Trans Hima 2020 – 34 Siri to Anyar Khal

We woke up from a cosy night below the warm blankets in a home in Siri, last village in the valley. Our host brought us hot chai and warm water to freshen up followed by home grown breakfast – chapattis with spinach sabji. He accompanied us to the house of his parents higher up the village where we got served another round of tea. Neighbours were curiousity onlooking to the strangers in shorts visiting their village.

We headed out of Siri following a nice path slowly ascending through a side valley towards the ridgeline on top from where we were planning to connect to the Anyar Khal, a pass crossed a few weeks ago. Along the way we passed through two smaller summer farming dwellings of Jamania and Saur, largely uninhabited during these winter months. The further you head away from the road head, the more traditional hamlets you encounter built from natural available materials.

At Saur we encountered multiple trails picking the one that took us up to a saddle on the ridgeline above. A steep climb followed to the top where we encountered first snow at 2500m at the Northern facing slope. A clear trail contoured around a local peak taking us directly towards the Anyar Khal pass. Here we met a group of local ladies in their seventies accompanied by one elder man proceeding in the opposite direction.

We attracted curious looks as they probably met the first outsiders (in shorts) in their entire lifetime in this remote, undocumented path. Many questions were fired – unfortunately with limited response due to the lack of a common language. Few people speak English in the small villages in North. After bypassing the local peak, we continued our way on top of the ridgeline descending towards the Anyar Khal.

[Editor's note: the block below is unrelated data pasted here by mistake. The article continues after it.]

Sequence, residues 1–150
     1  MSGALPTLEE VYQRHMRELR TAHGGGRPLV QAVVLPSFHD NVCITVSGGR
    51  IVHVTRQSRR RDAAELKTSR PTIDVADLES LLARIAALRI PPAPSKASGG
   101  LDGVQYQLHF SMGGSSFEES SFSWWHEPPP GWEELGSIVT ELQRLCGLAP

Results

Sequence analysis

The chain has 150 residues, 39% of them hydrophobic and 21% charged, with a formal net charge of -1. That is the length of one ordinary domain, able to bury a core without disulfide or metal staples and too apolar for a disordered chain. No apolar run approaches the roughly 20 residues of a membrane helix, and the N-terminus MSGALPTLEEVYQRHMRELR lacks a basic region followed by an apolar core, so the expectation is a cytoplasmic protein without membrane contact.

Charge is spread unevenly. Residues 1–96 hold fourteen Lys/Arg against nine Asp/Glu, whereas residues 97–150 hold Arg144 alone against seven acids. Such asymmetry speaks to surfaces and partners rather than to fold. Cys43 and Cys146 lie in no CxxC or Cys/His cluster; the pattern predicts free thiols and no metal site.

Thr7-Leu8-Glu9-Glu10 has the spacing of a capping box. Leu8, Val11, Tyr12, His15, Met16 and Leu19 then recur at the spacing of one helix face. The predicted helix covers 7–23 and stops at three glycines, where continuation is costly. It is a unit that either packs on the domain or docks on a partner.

A newly built road – hardly used – crosses the pass where an elder person man’s has a small dhaba. We settled around a big log burning outside to warm ourselves from the afternoon cold. Two Maggie – extra juicy – with egss and veggies were ordered and devoured with satisfaction after a 6 hour hike with solid elevation gain. We now descended along a rock path following a ridge into the valley bypassing the newly built road.

It took us through small picturesque homes, one of which locals where peeling hundreds of freshly lpucked oranges drying the skin and fruit seperately. The trail merged with the road near the colorful village of Medh, houses painted in soft pastel colors. With little traffic commuting we continued along the serene dirt road taking in the soothing sights of scenic hamlets below in the valley. 

Late afternoon we jumped into a passing Bolero share taxi heading towards Budha Kedar 15km down the road. The broken road hair pinned down into the valley as local ladies in the jeep were chatting with the young driver who smoothly navigated the vehicle around pot holes and steep curves. We reached out destination by 5pm and indulged in fried veg mommo’s after a short visit to the ancient temple.

We recharged phones and powerbanks while enjoying cream roles and black tea in my favorite dhaba which I was visiting for the third time. The owner, an elderly gentleman, knows me well always glad to assist with any needed guidance. The night was really cold along the confluence of Dharm Ganga and Bal Ganga rivers with a cold wind blowing through the open valley. The owner suggested we pitch up our tent on the grounds of the closed school near the temple.

We jumped the compound wall and slept off peacefully in the middle of the small town wind blocked from all sides. Tomorrow s plan was to climb up the ridgeline separating both valleys to the Masar Tal lake at 3000m, a 1700m ascent from Budha Kedar along a historical pilgrim route.

Trans Hima 2020 – 34 Siri to Anyar Khal We woke up from a cosy night below the warm blankets in a home in Siri, last…

Posted by Peter Van Geit on Wednesday, 7 April 2021